Step-by-Step on How to Start a Landscaping Business
Of course, there is a lot of work that goes into starting any kind of business but, this guide can be used as a starting point to help you understand what you need to start a landscaping business.
1. Decide What Landscaping Services You Want to Offer
When deciding on the landscaping services to offer, it's important to consider your target market, local demand, and your team's expertise. While the specific services you choose will depend on various factors, here are some common landscaping services that you may consider offering:
- Yard cleanup
- Leaf removal
- Spring maintenance
- Lawn mowing services
- Lawn aeration services
- Landscape design services
2. Calculate Start-Up Costs
When calculating the cost to start a landscaping business, there are some basic rules to follow, and probably more expenses than you may think.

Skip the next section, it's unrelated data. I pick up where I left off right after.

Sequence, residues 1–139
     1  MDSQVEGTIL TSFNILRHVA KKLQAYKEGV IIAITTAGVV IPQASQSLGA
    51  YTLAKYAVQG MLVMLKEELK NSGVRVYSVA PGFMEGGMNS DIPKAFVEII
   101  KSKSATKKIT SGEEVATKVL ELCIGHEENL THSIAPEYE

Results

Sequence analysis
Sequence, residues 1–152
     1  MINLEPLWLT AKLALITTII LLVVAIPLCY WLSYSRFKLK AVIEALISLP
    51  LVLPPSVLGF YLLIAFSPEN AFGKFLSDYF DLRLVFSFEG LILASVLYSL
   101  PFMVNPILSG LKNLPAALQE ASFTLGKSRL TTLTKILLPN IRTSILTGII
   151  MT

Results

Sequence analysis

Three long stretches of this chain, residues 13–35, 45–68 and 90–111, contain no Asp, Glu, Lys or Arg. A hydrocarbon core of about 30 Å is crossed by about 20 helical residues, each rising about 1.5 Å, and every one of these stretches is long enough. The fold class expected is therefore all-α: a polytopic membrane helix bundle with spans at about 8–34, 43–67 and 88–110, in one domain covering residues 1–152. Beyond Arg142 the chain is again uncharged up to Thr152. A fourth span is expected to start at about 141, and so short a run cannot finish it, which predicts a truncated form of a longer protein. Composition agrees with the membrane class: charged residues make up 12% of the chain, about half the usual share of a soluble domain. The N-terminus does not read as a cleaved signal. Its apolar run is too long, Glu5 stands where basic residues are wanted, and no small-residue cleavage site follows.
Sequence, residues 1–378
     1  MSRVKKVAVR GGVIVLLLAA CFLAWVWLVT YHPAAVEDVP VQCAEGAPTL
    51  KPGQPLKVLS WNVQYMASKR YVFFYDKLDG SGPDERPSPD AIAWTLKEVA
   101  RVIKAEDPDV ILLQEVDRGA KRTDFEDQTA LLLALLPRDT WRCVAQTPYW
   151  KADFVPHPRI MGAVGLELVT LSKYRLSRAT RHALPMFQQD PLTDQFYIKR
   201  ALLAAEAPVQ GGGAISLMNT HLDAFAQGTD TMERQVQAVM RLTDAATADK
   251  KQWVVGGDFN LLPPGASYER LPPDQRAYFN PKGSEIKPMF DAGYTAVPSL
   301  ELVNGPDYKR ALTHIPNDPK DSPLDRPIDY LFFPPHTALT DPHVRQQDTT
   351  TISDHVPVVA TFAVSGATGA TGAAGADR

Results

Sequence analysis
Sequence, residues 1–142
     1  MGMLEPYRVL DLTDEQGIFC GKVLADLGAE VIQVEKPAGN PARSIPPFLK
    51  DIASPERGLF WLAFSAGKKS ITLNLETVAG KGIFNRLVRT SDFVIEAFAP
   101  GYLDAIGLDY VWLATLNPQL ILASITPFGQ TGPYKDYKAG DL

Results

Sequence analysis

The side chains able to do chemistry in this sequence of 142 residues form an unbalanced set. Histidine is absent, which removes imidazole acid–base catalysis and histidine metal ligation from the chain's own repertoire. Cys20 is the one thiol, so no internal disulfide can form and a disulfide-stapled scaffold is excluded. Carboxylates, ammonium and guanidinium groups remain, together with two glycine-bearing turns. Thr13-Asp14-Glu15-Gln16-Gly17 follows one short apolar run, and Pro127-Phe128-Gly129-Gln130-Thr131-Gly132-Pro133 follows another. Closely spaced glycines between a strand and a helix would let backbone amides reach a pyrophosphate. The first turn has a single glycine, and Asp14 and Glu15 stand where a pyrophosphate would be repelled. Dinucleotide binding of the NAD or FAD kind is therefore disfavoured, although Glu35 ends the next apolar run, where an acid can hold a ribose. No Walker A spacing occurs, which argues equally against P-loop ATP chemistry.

First, estimate the costs of acquiring essential equipment like mowers, trimmers, and hand tools. Next, account for vehicle expenses, such as purchasing or leasing a truck or van. Additionally, consider costs related to licenses, permits, insurance, and marketing materials. Don't forget to include initial purchases of plants, seeds, fertilizers, and other landscaping supplies. Lastly, factor in expenses like legal fees, accounting services, and any necessary software or technology.
By carefully estimating and summing up these various costs, you can calculate your start-up expenses accurately.
3. Establish Your Service Rates
Pricing is not a one-size-fits-all approach, and it may vary based on factors like location, target market, project complexity, and customer preferences. Ensure that you take into account your overhead expenses, including supplies, labor, and marketing costs when determining your service prices. It's important to set realistic expectations to establish your pricing strategy.